Water scarcity is already a serious problem for Australia's power-generation industry, largely because of our heavy reliance on water-guzzling coal-fired plants…Introducing nuclear power would exacerbate those problems. A December 2006 report by the Commonwealth Department of Parliamentary Services notes that the water requirements for a nuclear power station are 20-83 per cent higher than for other power stations. Moreover, those calculations do not include water consumption by uranium mines. The Roxby Downs mine in South Australia uses 35 million litres of water each day, with plans to increase this to 150 million litres each day. Mine operator BHP Billiton does not pay one cent for this water despite recording a record $17 billion profit in 2006-07.

Water outflows from nuclear power plants can damage the local environment…

Nuclear reactors in numerous European countries have been periodically taken off-line or operated at reduced output in recent years because of water shortages driven by climate change, drought and heat waves. Nuclear utilities have also sought and secured exemptions from operating conditions in order to discharge overheated water.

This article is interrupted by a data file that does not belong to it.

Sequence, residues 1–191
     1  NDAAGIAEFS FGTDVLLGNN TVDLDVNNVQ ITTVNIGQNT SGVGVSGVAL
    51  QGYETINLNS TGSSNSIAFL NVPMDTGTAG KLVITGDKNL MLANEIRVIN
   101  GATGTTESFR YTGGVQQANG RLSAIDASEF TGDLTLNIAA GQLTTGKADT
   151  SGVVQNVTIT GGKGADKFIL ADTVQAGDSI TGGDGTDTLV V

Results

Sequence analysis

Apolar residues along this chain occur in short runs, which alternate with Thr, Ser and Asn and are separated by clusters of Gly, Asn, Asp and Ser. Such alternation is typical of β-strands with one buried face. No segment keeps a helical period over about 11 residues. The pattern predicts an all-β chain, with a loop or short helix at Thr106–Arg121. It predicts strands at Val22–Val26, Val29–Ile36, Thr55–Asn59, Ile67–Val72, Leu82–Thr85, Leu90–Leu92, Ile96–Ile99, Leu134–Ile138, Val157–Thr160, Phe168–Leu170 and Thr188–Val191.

The water consumption of renewable energy sources and energy efficiency and conservation measures is negligible compared to nuclear or coal. Operating a 2,400 Watt fan heater for one hour consumes 0.01 litres of water if wind is the energy source, 0.26 litres if solar is the energy source, 4.5 litres if coal is the energy source, or 5.5 litres if nuclear power is the energy source.

Tim Flannery, the 2007 Australian of the Year, notes that hastening the uptake of renewable energy sources such as wind, solar, and geothermal 'hot rocks' will help ease the water crisis as well as reducing greenhouse gas emissions - a win-win outcome.

Globally, there is another compelling reason to ensure that decisions on water allocation - including its use in energy production - are made wisely and equitably. Limited access to water is already contributing to armed conflicts ('water wars') in a number of places around the globe. UN Secretary-General Ban Ki-moon recently noted that shortages of food and water in sub-Saharan Africa were a precursor to the current tragic violence in Darfur. The problem goes "far beyond Darfur", he warned, as many other places are now suffering water shortages.